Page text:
In 2012, after her mother passed away and her father moved into a nursing home, Sue Templin found herself sorting through a house full of beautiful antiques that her parents had collected together over the years. She couldn’t keep everything herself, but she knew the carefully chosen items held an appeal that went far beyond mere sentimental value. In the hope of finding new homes for her family keepsakes, Sue, a longtime photographer who already ran an online
Since that serendipitous realization, Sue has passed along the majority of her parents’ antiques to grateful vintage collectors, and moved on to sourcing rustic treasures at flea markets and estate sales near her home of Elgin, Illinois. As time passes, her twin passions of photography and vintage continue to coalesce in surprising, creative ways. “I never thought I’d start a vintage shop,” says Sue. “It just wasn’t in the program. But now, I’ll be inspired to take creative photos of my vintage things, and sell those in my photo shop. And I still love hunting for vintage pieces—it really gives me a thrill!”
Read on to learn how Sue repurposes heirlooms for a modern world, and
Tell us about your shop name. What constitutes an heirloom for you?
Everything I was selling when I started out, I considered to be family heirlooms. Then, at my first estate sale, I felt very sad looking through this person’s belongings. I even cried a bit, but someone turned to me and said, “This is good! All these things are going to be repurposed, not thrown away.” From there on out, that’s the way I looked at it:
What are some of the ways you’ve repurposed older pieces?
Well, for example, we don’t tend to use pitchers the way people used to: My customers put flowers in them and style them in vignettes on their shelves. My mother was a huge reader and had a massive amount of books that I didn’t know what to do with. My idea was to take the dust jackets off the books and color-coordinate them. People can still read them, or they can buy them as decor. The fact that my customers are now enjoying my mother’s beloved books makes me really happy.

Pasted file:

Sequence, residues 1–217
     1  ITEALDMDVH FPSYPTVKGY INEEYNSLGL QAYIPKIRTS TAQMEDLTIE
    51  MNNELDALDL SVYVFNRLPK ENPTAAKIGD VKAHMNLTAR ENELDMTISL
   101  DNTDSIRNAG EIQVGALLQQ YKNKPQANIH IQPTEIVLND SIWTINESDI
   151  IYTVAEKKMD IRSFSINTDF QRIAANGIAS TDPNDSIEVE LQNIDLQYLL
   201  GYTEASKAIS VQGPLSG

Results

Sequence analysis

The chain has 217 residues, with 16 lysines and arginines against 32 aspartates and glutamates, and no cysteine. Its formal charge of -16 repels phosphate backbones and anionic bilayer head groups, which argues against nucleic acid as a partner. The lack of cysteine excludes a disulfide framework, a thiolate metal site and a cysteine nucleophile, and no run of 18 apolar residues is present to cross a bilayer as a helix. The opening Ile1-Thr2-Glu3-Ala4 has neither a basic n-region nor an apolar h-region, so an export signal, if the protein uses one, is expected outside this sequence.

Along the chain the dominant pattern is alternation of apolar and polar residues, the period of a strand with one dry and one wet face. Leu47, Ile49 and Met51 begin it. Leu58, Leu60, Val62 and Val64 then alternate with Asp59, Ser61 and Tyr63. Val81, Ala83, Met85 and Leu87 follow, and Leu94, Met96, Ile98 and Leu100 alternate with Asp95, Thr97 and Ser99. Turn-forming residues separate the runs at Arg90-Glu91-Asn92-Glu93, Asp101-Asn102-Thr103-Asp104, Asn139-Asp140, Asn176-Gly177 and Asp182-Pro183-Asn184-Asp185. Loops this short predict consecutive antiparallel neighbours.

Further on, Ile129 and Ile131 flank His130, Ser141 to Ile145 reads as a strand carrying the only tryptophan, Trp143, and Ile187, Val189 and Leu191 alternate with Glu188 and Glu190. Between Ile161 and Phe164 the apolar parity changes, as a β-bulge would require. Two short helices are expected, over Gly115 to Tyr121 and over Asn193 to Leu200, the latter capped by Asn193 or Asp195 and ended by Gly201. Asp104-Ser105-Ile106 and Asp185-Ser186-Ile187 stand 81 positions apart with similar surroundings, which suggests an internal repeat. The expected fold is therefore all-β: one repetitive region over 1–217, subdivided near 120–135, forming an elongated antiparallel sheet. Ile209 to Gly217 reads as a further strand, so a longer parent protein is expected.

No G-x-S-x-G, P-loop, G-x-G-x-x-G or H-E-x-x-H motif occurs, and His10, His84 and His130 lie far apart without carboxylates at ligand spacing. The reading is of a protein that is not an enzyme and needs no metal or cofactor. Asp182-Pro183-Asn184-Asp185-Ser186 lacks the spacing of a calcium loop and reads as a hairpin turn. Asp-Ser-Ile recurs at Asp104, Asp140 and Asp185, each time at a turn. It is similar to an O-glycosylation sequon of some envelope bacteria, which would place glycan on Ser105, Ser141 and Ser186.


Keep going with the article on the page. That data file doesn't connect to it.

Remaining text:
How would you describe the Heirloom Shoppe aesthetic?
I’ve gravitated toward the
What’s the first thing you’re attracted to when you’re out looking for antiques?
When I go to a flea market, there’s so much of everything, but certain pieces just stand out: any kind of white enamel pitcher, dovetailed crates and copper pieces, things like that. I look for wooden dough bowls, too, and even old kitchen scales, which are pretty desired these days. I learn more about certain types of pieces the more I acquire them.
What’s a typical day like for you?
I’ll go to estate sales on Fridays and Saturdays, bring stuff home, and clean it up. Then I wait for a nice, sunny day, set up my table in the living room, and take pictures and edit them. I love the photography part of the process, and I love editing the photos in Photoshop, too. I don’t add filters, but I make sure that the light is right and things are brightened up. Then, I start listing. I list every week—every day, if I can.
Do you incorporate vintage pieces in your own home?
My house is filled with
How do you stay active with the vintage seller community on Etsy?
I’m a member of the Etsy team
Can you share your advice for someone looking to incorporate more vintage decor in their home?
In the end, you just have to like it. It doesn’t matter if it’s popular or not, because you have to like the piece itself. I do hope that people looking for vintage will choose to buy
Photographs courtesy of The Heirloom Shoppe.
Sharon Steel is a writer and editor living in New York City. Her heroes are Jane Austen, Carson McCullers, Lindsay Weir, Shirley Jackson, Lillian Ross, and the renegade crew of the spaceship Serenity. Read more of her work at sharoncsteel.com.